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Coronavirus In Jails And Prisons

A new lawsuit uses the lesson of one prison to demand the release of people from New Mexico lock-ups, a new bill would require more transparency in reporting COVID-19 cases in prisons and jails, and deaths of incarcerated people hit a grim milestone.

Photo illustration by Elizabeth Brown.

Weeks before the first reported cases of COVID-19 in prisons and jails, correctional healthcare experts warned that all the worst aspects of the U.S. criminal justice system — overcrowded, aging facilities lacking sanitary conditions and where medical care is, at best, sparse; too many older prisoners with underlying illnesses; regular flow of staff, guards, healthcare workers in and out of facilities — would leave detention facilities, and their surrounding communities, vulnerable to outbreaks. Despite those early warnings, even jails and prisons that believed they were well-prepared have seen a rapid spread of the virus. Over the next several months, The Appeal will be examining the coronavirus crisis unfolding in U.S. prisons and jails, COVID-19’s impact on surrounding communities and how the virus might reshape our lives. Read Monday’s post.

Early in the COVID-19 pandemic, civil-rights attorneys across the country filed lawsuits seeking the release of medically vulnerable people from prisons that, they argued, were crowded and unsanitary vectors for disease. Few of these efforts were successful, including an emergency petition filed in April by New Mexico’s Law Offices of the Public Defender, seeking the release of 500 people from state prisons.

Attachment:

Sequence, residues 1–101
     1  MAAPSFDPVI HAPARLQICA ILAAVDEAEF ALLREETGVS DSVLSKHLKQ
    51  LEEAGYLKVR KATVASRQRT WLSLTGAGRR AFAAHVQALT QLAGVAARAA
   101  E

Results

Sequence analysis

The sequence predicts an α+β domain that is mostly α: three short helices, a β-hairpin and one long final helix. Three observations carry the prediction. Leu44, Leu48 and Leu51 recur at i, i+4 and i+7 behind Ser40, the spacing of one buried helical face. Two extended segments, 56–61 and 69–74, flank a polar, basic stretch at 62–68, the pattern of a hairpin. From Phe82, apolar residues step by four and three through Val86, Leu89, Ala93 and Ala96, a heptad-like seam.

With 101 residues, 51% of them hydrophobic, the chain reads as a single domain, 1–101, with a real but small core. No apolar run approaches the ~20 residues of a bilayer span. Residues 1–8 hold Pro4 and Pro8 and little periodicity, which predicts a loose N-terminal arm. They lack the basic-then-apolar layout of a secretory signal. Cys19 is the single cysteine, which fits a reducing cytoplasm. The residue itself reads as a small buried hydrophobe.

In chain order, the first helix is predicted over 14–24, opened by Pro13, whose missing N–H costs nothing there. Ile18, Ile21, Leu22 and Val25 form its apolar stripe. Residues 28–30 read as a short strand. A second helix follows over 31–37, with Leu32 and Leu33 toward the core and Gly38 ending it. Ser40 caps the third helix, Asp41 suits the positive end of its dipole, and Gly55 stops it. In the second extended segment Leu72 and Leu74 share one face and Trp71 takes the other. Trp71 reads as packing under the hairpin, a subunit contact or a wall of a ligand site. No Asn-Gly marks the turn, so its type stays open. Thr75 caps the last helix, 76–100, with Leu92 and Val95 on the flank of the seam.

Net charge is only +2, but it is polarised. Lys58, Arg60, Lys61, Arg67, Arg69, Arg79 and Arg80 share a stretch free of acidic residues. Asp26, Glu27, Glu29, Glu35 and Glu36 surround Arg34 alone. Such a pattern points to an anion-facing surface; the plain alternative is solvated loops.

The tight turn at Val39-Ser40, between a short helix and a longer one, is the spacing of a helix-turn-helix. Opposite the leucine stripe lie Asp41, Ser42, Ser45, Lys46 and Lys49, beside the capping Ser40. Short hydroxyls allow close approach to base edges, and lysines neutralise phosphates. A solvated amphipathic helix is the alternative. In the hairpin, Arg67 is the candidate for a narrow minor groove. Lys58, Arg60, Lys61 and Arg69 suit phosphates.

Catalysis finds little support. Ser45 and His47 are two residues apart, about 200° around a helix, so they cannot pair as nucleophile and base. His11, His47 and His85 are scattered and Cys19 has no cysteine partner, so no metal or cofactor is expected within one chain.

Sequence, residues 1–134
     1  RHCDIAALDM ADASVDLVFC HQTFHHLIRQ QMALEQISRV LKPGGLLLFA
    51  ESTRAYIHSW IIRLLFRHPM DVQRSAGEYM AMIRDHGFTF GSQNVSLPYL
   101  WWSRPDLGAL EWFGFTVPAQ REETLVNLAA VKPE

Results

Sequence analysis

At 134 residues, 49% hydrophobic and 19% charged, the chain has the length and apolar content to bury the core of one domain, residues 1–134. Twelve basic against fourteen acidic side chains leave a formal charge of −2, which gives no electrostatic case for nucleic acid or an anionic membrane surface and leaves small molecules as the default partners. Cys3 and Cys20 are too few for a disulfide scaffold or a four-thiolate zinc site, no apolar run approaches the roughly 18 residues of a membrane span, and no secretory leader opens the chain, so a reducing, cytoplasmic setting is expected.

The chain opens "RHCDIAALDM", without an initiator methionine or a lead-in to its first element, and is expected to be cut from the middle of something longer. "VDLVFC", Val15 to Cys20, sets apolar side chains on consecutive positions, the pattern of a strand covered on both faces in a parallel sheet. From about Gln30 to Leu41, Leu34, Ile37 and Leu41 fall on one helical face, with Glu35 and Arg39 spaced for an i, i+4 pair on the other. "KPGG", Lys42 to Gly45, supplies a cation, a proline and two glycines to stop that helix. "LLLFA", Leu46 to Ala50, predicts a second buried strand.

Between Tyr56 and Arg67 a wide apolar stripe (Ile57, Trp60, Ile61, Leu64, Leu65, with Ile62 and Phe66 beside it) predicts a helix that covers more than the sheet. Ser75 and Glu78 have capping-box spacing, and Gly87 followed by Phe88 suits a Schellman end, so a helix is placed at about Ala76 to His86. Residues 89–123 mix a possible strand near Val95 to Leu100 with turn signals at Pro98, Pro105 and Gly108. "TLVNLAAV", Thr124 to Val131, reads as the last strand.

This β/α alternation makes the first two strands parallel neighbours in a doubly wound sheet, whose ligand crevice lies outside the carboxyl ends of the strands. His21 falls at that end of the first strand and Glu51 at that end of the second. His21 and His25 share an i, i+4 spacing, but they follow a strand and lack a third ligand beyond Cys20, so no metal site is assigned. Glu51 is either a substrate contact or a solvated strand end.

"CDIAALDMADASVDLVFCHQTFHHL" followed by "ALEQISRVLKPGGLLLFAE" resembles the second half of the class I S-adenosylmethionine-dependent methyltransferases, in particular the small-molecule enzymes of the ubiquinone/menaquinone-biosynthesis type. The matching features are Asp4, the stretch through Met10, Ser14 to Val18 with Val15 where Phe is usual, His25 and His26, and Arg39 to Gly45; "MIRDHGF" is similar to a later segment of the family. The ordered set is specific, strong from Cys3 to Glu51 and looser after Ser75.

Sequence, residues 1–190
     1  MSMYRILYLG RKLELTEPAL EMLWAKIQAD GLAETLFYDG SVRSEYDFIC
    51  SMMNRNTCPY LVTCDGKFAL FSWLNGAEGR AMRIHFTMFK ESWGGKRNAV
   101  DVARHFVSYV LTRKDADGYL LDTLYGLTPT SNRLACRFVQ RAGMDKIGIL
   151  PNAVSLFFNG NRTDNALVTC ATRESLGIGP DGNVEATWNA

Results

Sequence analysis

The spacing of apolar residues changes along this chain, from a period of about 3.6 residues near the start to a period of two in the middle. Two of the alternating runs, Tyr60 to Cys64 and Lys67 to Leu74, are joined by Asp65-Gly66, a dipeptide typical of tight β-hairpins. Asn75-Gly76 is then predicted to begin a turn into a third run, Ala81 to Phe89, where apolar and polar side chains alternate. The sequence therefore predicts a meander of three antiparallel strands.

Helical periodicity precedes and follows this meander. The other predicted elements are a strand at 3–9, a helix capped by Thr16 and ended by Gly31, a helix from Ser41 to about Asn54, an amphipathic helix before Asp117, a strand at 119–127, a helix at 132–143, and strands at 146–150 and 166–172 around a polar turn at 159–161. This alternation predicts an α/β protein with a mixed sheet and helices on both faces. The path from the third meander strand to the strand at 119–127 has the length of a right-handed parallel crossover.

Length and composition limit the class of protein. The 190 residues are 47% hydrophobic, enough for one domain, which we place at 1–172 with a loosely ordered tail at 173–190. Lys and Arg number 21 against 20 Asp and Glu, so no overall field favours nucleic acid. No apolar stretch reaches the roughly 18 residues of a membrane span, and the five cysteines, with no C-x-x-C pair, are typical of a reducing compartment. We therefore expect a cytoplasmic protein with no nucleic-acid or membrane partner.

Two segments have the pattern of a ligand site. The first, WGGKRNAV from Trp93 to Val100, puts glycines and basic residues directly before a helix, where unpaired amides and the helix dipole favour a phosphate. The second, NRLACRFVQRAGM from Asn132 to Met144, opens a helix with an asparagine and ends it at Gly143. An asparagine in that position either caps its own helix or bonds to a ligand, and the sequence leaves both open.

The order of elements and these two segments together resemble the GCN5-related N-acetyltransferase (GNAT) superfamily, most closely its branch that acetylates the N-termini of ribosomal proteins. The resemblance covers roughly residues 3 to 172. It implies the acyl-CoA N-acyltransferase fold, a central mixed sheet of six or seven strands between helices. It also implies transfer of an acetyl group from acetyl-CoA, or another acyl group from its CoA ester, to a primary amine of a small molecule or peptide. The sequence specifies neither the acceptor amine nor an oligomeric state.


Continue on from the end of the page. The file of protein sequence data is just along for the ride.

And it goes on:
The state’s supreme court rejected the request, finding no evidence that state corrections officials were being deliberately indifferent to prisoners’ health and safety. 

Monday, a different group of attorneys filed a lawsuit, also seeking the release of people incarcerated in New Mexico prisons. The Appeal asked Christopher Casolaro, one of the attorneys, what makes this lawsuit more likely to succeed than its predecessors. 

“The facts are very different now,” Casolaro said. Prior lawsuits were prospective, he argued, looking ahead at what could happen if people weren’t released.

“What the [public defender’s lawsuit] said was going to happen did happen,” Casolaro said.

Two weeks after the state court’s ruling, an employee at the Otero prison in Chaparral, New Mexico, tested positive for COVID-19. Within two weeks, nearly 300 people had been infected. Ultimately 467 Otero prisoners, or roughly 87 percent of the prison, contracted the virus; four died.

The lawsuit describes the Otero outbreak as “a warning, and a lesson as to what can be expected in other New Mexico prison facilities.”

New Mexico’s 11 prisons hold roughly 6,200 people. Four of the prisons house people in dormitory-style units that hold between a dozen and 72 people. 

A recent study by the Centers for Disease Control found that COVID-19 infections are three times more prevalent in dormitory-based housing than in cell-based housing.

But even in facilities with single- or double-occupancy cells, people congregate in day rooms and eat meals together, creating more opportunities for the virus to spread, the lawsuit argues.